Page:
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ST71.20 Nonlinear 


ST71.20.10 Nonlinear / Statics  
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ST71.20.10.5 Nonlinear Static Convergence A structural system can be considered nonlinear if the response is not linearly proportional to load. In reality, most systems are nonlinear, but can be considered linear within a reasonable load range. There are cases where the applied load may cause nonlinear effects. These include: Material nonlinearity (e.g. yielding, changing stiffness, creep). Geometric nonlinearity (e.g. buckling, membrane redistribution, mechanism behaviour). Boundary nonlinearity (e.g. contact, compressiononly... 

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ST71.20.10.8 Troubleshooting Nonlinear Static Models Solutions to nonlinear FEA problems are approximate due to the iterative nature of the algorithms used to solve the problems. Before proceeding, review ST71.10.10.3 General Model Troubleshooting to ensure that the model is basically sound. In this example, a fictitious welded assembly, which is between two confining walls, is forced downwards by an eccentric load until lateral buckling occurs and contact is formed between the buckled member and the adjacent walls. The base of the buckling... 

ST71.20.20 Nonlinear / Dynamics  
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ST71.20.20.1 Modelling the Impact of a Mass on a Plate This document outlines the procedures required to model the impact of a mass with an initial velocity impacting on a plate. The initial example model is a flat plate 1 m ( 1 m. A mass of 500 kg is located 0.3 m above the surface. It is travelling at 20 m/s. The deflections and stresses of the plate are required during and after impact. Here the flat plate is modelled using plate/shell elements; point contact elements are used to connect the mass to the plates. 

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ST71.20.20.3 Frame Dynamic Yielding and Static Pushover A steel frame is subject to an earthquake load and also tested for pushover limits. The frame is composed of 200x200x10 mm Ibeams. The coordinates of the frame (in metres) on the XY plane are shown at right. A translational mass of 2000 kg is placed at each node of the frame to represent supported mass. The two nodes at the base are fixed. The freedom case type is set as 2D Beam. The major units used in the model are: To define the nonlinear material behaviour of the beam (yielding)...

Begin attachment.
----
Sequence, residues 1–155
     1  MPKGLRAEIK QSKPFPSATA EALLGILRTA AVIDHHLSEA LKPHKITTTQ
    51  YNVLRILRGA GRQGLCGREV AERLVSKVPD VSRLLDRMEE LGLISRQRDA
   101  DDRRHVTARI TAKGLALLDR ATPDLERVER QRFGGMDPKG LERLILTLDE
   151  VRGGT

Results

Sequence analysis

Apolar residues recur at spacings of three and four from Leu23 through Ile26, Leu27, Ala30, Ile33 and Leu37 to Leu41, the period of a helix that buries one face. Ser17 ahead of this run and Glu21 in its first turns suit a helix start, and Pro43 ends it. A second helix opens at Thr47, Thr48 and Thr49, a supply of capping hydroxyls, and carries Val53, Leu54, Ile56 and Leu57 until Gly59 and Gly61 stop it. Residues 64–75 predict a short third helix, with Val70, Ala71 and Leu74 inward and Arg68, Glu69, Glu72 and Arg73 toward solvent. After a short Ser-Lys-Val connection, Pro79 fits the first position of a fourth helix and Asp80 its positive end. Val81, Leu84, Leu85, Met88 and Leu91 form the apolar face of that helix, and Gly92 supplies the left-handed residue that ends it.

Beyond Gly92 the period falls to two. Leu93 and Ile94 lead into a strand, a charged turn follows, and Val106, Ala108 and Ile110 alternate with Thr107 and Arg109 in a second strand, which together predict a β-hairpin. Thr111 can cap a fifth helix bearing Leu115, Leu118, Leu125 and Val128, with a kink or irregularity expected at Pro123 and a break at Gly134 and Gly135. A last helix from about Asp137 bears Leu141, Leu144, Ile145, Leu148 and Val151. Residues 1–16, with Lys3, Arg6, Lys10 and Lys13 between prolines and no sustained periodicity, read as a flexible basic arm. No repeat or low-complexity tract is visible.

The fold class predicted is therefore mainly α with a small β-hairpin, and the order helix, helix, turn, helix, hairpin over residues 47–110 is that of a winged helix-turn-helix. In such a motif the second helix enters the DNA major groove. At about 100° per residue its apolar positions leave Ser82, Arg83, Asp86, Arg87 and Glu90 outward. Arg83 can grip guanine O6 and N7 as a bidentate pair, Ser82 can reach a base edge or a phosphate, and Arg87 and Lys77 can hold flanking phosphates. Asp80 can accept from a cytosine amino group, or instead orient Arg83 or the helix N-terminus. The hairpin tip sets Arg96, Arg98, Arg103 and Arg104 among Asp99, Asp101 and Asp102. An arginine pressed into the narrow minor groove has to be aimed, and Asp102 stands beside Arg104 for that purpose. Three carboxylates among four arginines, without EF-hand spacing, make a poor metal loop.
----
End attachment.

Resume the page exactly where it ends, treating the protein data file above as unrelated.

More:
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ST71.20.20.4 Transient Dynamic Analysis Time Stepping Transient analysis is analysis through time. There are four transient solvers in Strand7: Linear Transient Dynamic Nonlinear Transient Dynamic Quasi Static Transient Heat This document outlines how to determine an appropriate time step for solution accuracy for the linear and nonlinear transient dynamic solvers. The other two solvers have different requirements but are generally not as sensitive to time stepping as the dynamic solvers, which must consider structural vibration. ... 

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ST71.20.20.5 Modelling a Simple Double Pendulum Strand7 can model kinematic motion with the Nonlinear Transient Dynamic solver. This Webnote covers the modelling of a simple double pendulum, which can be extended to modelling more complex mechanisms. For this example, an arbitrary double pendulum is constructed. It is arranged to promote the chaotic behaviour inherent to this type of pendulum. Coordinates are indicated at right. Create a new model with Nmm units. Create three nodes with the coordinates at right using Create/Node. ... 

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ST71.20.20.7 Cable Sag and Natural Frequency This Webnote presents a parametric study of the relationship between the natural frequency of a cable and its degree of sag. As a cable is tensioned, generally the natural frequency will increase. Due to variability in cable installation tension (as well as thermal expansion), it is important to understand the range of natural frequencies produced for a given range of tension. A steel cable of 240 m in length with a diameter of 80 mm is pinned on both ends but is held axially with a 20 kN/mm stiffness...